Lawmakers Rejects Removal of Subsidy

By Tunde Liberty
The House of Representative headed by Hon. Aminu Tambuwal on December 1, 2011 seemed to pitch its tent with the plights of mass of the Nigerian people when it unequivocally condemned the Federal Executive Council’s plan to remove subsidies on petroleum products in the country.

This was disclosed by the House when it adopted the report and recommendations of the Hon. John Enoh-led joint committee on finance, appropriation, legislative budget and research and national planning and economic development, on the 2012-2015 medium term fiscal framework (MTFF) and Fiscal Strategy Paper (FSP) of the federal government. The 2012-2015 MTFF was laid on the floor of the House on November 2, 2011.

The legislators held that the proposal on fuel subsidy removal as contained in the Medium Term Expenditure Framework (MTEF) and revised Fiscal Strategy Paper submitted to the National Assembly by President Goodluck Jonathan was premature.

The House therefore advised the executive arm of government to explore other sources of financing items for the deficit expected in the 2012 Appropriation Bill instead of relying on savings from the proposed subsidy removal.

President Goodluck Ebele Jonathan had in a meeting with federal legislators at the Presidential Villa a few weeks before the hearing tried to persuade them to support the removal of subsidies on petroleum products saying that the federal government could no longer sustain the measure. Analysts say the government doles out more than N1 trillion naira a year to subsidize petroleum products but a huge part of the cash ends up in the pockets of corrupt senior petroleum ministry officials and their conniving oil marketers.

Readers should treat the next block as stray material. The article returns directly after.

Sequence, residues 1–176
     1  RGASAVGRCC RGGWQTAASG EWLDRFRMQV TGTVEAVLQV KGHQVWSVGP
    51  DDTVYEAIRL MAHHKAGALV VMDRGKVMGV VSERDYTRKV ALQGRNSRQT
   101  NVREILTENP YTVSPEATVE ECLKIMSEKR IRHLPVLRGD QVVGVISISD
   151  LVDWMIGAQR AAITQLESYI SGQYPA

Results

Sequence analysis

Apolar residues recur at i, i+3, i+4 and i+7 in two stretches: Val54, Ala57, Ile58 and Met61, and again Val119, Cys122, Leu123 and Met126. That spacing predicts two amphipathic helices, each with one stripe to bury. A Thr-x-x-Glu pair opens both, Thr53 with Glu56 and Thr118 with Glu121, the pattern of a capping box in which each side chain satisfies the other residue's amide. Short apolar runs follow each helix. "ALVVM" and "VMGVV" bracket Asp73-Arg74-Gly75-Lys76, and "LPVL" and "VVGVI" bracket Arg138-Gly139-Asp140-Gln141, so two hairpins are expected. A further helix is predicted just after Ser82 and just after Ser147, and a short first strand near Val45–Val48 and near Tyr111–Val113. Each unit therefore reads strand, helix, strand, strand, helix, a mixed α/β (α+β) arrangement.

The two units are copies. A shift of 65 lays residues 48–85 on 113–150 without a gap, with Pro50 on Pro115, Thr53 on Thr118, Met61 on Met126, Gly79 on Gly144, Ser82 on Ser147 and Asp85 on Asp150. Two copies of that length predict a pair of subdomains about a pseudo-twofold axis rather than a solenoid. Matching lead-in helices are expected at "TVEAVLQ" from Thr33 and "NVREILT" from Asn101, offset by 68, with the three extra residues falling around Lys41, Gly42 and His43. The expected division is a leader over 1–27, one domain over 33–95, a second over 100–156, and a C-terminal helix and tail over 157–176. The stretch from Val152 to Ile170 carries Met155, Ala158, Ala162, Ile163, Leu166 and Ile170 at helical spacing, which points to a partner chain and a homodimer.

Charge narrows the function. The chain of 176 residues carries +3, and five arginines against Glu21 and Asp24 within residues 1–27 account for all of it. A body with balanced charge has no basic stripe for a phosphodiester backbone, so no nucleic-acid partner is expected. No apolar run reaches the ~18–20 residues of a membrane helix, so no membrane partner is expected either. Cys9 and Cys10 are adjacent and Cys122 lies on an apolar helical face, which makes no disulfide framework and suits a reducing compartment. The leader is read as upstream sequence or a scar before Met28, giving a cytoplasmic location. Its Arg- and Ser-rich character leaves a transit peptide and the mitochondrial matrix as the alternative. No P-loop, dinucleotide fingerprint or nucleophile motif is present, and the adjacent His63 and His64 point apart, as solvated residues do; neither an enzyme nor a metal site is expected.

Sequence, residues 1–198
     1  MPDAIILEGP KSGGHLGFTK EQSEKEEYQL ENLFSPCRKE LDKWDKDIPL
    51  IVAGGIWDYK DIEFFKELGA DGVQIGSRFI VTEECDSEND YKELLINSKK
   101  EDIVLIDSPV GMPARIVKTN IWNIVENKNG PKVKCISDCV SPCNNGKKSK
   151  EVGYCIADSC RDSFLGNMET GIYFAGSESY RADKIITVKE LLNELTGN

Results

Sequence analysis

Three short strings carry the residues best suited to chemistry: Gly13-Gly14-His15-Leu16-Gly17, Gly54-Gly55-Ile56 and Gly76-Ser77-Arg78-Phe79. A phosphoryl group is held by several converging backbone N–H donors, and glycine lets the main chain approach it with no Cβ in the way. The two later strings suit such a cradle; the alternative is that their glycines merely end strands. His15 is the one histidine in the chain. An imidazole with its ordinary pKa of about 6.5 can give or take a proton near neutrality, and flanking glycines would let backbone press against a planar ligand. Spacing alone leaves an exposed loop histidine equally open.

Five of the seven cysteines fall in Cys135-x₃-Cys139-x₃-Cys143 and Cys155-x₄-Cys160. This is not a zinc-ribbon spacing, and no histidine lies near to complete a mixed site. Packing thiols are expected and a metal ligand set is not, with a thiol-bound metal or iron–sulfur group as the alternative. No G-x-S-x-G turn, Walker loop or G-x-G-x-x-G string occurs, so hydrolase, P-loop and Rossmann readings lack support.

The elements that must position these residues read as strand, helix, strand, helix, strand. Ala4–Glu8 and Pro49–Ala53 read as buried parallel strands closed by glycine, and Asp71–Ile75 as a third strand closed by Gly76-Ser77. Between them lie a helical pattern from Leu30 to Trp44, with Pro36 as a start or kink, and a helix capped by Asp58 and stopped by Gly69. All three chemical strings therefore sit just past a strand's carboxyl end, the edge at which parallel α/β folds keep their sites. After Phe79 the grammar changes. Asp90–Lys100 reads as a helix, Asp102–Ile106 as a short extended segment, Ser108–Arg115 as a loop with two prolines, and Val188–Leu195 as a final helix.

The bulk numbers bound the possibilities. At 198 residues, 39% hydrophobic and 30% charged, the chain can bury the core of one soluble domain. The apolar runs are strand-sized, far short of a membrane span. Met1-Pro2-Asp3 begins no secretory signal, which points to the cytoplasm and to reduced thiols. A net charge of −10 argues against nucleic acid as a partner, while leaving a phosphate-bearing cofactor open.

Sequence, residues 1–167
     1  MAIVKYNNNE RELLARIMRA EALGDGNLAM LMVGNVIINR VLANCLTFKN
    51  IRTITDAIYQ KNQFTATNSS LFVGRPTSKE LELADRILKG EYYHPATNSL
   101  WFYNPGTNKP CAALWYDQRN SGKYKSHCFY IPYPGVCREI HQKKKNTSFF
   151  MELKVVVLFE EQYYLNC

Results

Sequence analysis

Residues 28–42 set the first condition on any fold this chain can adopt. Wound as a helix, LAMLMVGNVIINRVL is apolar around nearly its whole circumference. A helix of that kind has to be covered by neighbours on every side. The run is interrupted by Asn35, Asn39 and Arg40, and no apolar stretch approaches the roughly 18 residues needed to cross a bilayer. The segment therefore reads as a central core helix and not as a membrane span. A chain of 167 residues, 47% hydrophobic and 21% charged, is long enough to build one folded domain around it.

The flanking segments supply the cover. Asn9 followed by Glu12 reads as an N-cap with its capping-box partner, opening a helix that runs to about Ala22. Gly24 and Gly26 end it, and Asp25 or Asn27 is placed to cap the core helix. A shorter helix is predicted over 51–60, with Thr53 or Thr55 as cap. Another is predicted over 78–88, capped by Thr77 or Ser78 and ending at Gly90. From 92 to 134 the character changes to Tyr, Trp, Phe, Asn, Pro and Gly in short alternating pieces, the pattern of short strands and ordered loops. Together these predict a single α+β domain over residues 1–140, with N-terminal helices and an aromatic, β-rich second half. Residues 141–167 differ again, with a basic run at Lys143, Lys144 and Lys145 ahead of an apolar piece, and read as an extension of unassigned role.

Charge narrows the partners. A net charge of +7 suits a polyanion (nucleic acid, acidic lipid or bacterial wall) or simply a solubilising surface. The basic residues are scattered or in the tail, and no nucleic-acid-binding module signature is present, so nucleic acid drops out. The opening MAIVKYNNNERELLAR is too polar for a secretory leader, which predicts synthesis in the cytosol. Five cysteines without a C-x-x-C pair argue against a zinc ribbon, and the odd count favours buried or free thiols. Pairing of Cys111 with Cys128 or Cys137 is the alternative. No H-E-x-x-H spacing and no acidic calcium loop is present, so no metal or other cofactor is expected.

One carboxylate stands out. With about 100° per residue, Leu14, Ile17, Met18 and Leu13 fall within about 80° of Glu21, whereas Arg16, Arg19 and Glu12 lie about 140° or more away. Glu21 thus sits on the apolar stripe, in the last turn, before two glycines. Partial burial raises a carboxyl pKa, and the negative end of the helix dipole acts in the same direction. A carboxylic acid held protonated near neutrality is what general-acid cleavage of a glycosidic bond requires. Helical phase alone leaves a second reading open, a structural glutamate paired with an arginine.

Economists, progressives and majority of Nigerian people believe the government’s planned removal of oil subsidy from next year is capable of tearing the nation into pieces due to the low standards of living. Could this be why the legislators stand against it?

It might be one of the reasons. But it is important that in periods leading to revolutions, different sections of the ruling elite begin to differ on policies and how to rule the country concerned. Some of them do as the legislators have done i.e. seem to stand by the masses while they continue to benefit their privileges as elite.

We welcome the senate and any group’s standing against the proposed fuel price increase, but we must not for one minute be deceived that the leopard has changed its spots. They are one and the same oppressors in the final analysis.


On the ASUU strike


By Ola Rasheed